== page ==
WHO issues guidelines for lifting COVID-19 restrictions: Is Canada ready?
How Canada is stacking up in six areas officials must consider if they are to look at resuming activities
OTTAWA — Federal and provincial officials are starting to discuss how and when to start reopening schools and businesses but Prime Minister Justin Trudeau warned April 14 the full-scale lockdowns most Canadians are living with right now will remain in place for at least several more weeks.
The World Health Organization is trying to inject some co-ordination into these decisions, releasing new guidelines for what should be in place before easing restrictions. They outline six areas officials must consider if they are to look at resuming activities. Here is where Canada stands on each of them.
1. Is transmission of the virus under control? Short answer: We’re not testing enough to know.
Eleanor Fish, a professor of immunology at the University of Toronto, said testing must become much more widespread before we really understand the state of community transmission.
Alison Thompson, a public health professor in the Leslie Dan Faculty of Pharmacy at the University of Toronto, said it takes a significant amount of time between a confirmed infection and fully tracing a person’s contacts and testing them, to know whether that confirmed infection has resulted in many more infections.
“We have to make sure it actually is levelling off, or that community transmission has actually ground to a halt, which can take quite awhile,” she said.
If restrictions are removed too quickly, thousands of people with COVID-19, who may not know they are infected, could potentially spread it fast and wide, she said.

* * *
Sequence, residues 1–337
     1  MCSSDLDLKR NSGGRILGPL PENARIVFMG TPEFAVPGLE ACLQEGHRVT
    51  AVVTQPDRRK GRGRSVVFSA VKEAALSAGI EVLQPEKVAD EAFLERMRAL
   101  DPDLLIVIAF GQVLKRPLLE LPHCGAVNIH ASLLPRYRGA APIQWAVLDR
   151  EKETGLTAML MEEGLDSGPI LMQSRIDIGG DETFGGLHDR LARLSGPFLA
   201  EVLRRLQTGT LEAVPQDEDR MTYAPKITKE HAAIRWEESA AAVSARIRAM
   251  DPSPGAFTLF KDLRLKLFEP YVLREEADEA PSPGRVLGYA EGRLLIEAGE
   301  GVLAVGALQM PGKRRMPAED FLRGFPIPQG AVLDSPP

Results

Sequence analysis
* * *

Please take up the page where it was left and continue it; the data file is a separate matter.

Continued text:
Thompson also said it’s time to stop thinking of the pandemic in terms of health versus the economy. If there isn’t a healthy workforce the economy will continue to suffer, she said.
2. Is the health-care system equipped to detect, test, isolate and treat every case, and trace every person who came into contact with a positive case? Short answer: Not yet.
“We have a situation now essentially where we’re groping along in the dark in terms of finding out who in fact is virus positive and who’s virus negative. We’ve done an abysmal job at that,” said Timothy Sly, professor emeritus at Ryerson University’s school of occupational and public healthly, who specializes in epidemiology.
Sly pointed to an especially woeful rate in Ontario where Premier Doug Ford has vowed to perform 8,000 tests daily by April 15, up from about 5,000. Alberta is among Canada’s testing leaders with about 7,400 tests conducted daily, which Sly said is still not enough.
Still, he acknowledged there have been hurdles beyond Canada’s control that have handcuffed efforts – notably, global shortages of equipment including swabs and laboratory chemicals needed to process test samples.
Sly said Health Canada’s recent approval of a rapid, mobile hand-held testing device from an Ottawa company should help, as will a series of expanded testing criteria that various provinces have adopted in recent days.
Jianhong Wu, a distinguished research professor at York University who has led multiple national projects on SARS, pandemic influenza and immunization evaluation, said there is a close relationship between contact tracing, testing and social distancing.